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CV Tips for landing that perfect job in Gatwick

We are sure you all know how important it is to have the perfect CV, it is, after all, a potential employer's first meeting of you but how do you set about writing it? What details should you put in and what should you leave out? We at AllGatwickJobs want to assist you in improving your chances of getting that are longing for so here are tips for making the right first impression.


The Basics


We are sure you are all aware it's obvious but a Curriculum Vitae (CV) should always be typed to give it the greatest clarity possible. It should also be excellently presented. Consider how it appears on the page. There should be clear headings and breaks between information. A potential employer will likely look through dozens of CVs for a job so they should be able to see the significant information immediately before short listing it for a more thorough read through. A badly laid out CV which is not easy to read will probably end up in the bin.


Personal Statement


Most employers like a CV to start with a personal statement as it permits them to see immediately what you are about. What should this contain?



  • Who are you and what have you been doing work wise? What have you liked about previous jobs?

  • What do you want to do? Outline your goals?

  • How are you going to go about achieving these goals?

  • What are your key skills? What can you bring to a potential employer?



Make sure you give these questions real thought before you decide upon the answers as they should be expected to be questioned at interview. Here's an example of the type of thing might want to say say:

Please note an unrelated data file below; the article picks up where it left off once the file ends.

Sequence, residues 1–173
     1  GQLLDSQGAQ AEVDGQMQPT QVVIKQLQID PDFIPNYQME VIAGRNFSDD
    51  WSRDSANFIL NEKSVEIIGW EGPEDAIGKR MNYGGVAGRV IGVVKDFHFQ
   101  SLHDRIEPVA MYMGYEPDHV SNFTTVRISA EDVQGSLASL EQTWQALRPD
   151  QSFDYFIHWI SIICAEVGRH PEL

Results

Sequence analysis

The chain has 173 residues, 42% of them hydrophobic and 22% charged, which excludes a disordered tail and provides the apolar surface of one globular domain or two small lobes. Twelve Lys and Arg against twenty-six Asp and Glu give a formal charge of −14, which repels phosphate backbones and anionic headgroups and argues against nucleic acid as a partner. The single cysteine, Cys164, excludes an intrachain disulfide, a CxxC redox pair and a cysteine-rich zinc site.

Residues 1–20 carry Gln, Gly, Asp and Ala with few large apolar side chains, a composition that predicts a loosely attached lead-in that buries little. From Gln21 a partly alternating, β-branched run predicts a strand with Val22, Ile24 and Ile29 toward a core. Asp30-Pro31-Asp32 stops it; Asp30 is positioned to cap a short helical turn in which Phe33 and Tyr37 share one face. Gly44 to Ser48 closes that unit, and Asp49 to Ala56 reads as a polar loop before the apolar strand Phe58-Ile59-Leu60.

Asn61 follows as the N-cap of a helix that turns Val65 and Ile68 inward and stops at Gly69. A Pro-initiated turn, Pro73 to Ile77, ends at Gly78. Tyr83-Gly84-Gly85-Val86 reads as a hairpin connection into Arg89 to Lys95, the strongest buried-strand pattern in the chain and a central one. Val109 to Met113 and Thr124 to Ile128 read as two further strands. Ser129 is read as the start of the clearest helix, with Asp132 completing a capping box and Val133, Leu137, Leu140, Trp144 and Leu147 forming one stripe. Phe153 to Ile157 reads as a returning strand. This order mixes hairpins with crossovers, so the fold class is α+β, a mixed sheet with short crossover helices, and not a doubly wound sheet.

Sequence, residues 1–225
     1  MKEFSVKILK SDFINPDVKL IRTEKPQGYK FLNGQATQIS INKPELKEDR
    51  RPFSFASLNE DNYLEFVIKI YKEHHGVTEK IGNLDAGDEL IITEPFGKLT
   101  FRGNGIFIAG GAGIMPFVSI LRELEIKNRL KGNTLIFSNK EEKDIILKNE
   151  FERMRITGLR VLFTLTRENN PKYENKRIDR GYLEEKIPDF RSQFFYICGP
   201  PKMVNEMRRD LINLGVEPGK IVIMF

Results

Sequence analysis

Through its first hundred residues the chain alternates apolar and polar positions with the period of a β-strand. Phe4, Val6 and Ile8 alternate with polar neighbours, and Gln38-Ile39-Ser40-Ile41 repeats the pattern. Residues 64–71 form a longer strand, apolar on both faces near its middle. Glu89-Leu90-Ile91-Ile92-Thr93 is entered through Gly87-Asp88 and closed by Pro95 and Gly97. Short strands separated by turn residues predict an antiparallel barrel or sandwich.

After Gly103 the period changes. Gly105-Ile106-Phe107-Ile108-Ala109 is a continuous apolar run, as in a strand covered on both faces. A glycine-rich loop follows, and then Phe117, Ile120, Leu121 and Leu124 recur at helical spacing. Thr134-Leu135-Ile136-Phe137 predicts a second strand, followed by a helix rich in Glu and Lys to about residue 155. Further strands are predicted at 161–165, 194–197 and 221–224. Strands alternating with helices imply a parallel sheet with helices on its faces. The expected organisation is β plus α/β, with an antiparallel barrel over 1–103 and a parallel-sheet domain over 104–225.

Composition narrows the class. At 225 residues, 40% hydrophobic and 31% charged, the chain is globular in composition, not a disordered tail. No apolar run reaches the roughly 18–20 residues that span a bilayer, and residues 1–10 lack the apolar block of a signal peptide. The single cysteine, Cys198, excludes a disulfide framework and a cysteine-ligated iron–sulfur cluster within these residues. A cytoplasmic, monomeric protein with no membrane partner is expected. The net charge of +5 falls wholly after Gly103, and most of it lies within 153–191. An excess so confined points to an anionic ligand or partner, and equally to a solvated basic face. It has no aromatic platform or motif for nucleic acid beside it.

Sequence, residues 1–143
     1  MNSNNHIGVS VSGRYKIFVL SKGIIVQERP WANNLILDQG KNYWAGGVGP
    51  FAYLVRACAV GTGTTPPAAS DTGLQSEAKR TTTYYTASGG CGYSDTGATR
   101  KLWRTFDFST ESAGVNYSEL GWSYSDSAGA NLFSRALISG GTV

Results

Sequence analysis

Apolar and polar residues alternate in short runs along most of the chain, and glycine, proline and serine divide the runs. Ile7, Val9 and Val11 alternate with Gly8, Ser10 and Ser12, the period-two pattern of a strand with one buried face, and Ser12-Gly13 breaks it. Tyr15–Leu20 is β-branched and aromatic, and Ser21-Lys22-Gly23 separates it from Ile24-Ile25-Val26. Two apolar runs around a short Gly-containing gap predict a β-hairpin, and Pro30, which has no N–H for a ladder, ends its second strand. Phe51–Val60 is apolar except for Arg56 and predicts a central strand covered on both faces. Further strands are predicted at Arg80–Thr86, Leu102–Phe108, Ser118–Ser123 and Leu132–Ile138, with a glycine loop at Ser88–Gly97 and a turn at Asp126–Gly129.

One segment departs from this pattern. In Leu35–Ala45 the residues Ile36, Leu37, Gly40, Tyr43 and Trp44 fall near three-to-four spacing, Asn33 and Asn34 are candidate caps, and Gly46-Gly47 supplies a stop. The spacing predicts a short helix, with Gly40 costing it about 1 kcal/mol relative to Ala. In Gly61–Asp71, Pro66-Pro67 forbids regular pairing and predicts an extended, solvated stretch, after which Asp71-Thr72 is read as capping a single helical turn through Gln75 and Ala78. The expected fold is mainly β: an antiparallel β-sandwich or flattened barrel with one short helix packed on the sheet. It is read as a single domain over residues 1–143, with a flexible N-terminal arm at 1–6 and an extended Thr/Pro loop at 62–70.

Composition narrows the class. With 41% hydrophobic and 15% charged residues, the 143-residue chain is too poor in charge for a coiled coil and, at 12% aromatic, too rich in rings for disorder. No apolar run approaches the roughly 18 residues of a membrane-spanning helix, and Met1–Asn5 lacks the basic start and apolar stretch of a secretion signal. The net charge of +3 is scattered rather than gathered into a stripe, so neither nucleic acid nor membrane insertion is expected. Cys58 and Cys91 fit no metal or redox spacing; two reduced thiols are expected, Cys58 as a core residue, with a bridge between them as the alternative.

' I am bright, hardworking and serious about any challenges I come up against. My careerup until now has all been very customerorientated and I find this to be very enjoyable. I have spent the last couple of years in a sales environment and I find enjoyable the interaction with different sorts of people this brings. I feel I am intelligent and would like the chance to exploit. During my time at G K Estate Agents particularly enjoyed learning lots about the technical and legal avenues of the conveyancing process and think that I took to it quickly. I am particularly keen to take on a challenging role with opportunities to progress and train where possible. I am also extremely IT proficient and really enjoy using computers as part of my working life.'


Education


The next heading should be your education if it is particularly relevant to the job for which you are applying. For example, if you have a degree in Law and you are applying for a legal position then it is useful to state this first. However, if you think that your educational history is not especially important and you are applying on the importance of your experience then it is worth considering putting your work history first.